history / internet

Reading time:
1 min. | 136 words

Timothy B. Lee of Ars Technica writes on a poorly researched piece by L. Gordon Crovitz in the Wall Street Journal, who maintains that government played little role in the early Internet. It’s certainly the case that the Internet as we know it today exists because of private sector development, but the private sector’s involvement in the Internet doesn’t come to fruition until around 1995. The technical origins and standards trace their roots to government-funded research. Thus is the nature of the mixed economy in the late twentieth century United States: government investment makes early research possible through prodigious funding, and private investment furthers development and brings the fruits of the research to the public. Lee offers plenty of useful corrections, including pointing out Crovitz’s misunderstandings of Internet technology, as does Michael Moyer at Scientific American.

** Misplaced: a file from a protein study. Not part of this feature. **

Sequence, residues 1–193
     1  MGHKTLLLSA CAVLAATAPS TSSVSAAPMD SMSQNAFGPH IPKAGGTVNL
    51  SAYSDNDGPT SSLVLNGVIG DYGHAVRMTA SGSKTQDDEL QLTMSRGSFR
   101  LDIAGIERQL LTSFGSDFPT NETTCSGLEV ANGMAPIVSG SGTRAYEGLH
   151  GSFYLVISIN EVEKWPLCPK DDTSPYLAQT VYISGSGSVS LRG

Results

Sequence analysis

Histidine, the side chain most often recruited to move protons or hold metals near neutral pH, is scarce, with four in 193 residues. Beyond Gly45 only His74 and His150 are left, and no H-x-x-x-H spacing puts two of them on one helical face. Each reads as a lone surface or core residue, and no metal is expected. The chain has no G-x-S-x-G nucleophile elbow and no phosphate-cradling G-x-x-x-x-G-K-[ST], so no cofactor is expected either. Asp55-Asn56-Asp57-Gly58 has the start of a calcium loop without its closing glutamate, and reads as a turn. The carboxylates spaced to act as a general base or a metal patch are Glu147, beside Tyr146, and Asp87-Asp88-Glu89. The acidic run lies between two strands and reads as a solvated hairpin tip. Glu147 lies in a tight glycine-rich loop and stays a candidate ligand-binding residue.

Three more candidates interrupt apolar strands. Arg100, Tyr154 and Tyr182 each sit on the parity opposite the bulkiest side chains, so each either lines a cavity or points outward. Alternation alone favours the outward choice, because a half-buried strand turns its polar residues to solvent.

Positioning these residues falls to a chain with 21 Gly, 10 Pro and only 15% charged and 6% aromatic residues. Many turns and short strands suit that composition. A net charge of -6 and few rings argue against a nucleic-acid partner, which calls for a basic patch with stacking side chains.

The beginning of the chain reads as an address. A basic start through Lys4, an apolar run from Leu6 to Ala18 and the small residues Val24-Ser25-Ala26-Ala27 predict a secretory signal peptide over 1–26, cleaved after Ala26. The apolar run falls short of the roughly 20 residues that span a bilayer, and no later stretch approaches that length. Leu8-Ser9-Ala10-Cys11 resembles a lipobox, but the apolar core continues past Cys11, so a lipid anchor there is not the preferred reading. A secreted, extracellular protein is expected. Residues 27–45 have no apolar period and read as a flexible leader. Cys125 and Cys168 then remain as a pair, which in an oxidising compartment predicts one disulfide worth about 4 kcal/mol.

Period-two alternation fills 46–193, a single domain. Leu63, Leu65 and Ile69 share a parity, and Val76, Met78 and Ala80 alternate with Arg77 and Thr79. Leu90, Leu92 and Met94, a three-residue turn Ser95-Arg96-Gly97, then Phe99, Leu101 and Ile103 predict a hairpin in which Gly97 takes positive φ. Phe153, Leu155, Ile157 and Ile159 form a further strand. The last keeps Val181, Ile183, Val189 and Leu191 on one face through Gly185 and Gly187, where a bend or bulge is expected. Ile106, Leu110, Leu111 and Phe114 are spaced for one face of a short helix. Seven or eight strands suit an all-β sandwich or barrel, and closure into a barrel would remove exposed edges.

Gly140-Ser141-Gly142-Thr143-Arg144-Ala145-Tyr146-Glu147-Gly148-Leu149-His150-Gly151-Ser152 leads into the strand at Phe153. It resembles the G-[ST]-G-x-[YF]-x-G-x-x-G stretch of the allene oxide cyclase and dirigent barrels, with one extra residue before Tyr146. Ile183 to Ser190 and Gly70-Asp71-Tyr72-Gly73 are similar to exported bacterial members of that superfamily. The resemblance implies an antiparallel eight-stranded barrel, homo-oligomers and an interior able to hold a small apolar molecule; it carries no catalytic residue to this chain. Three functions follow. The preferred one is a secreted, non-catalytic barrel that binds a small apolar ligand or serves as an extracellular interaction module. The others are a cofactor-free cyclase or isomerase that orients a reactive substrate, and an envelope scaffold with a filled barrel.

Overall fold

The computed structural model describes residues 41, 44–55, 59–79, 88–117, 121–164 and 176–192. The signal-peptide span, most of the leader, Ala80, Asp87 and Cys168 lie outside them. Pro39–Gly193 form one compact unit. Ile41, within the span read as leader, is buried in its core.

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Greetings! My name is Jason Heppler. I am a Digital Engagement Librarian and Assistant Professor of History at the University of Nebraska at Omaha and a scholar of the twentieth-century United States. I often write here about the history of the North American West, technology, the environment, politics, culture, and coffee. You can follow me on Twitter, or learn more about me.

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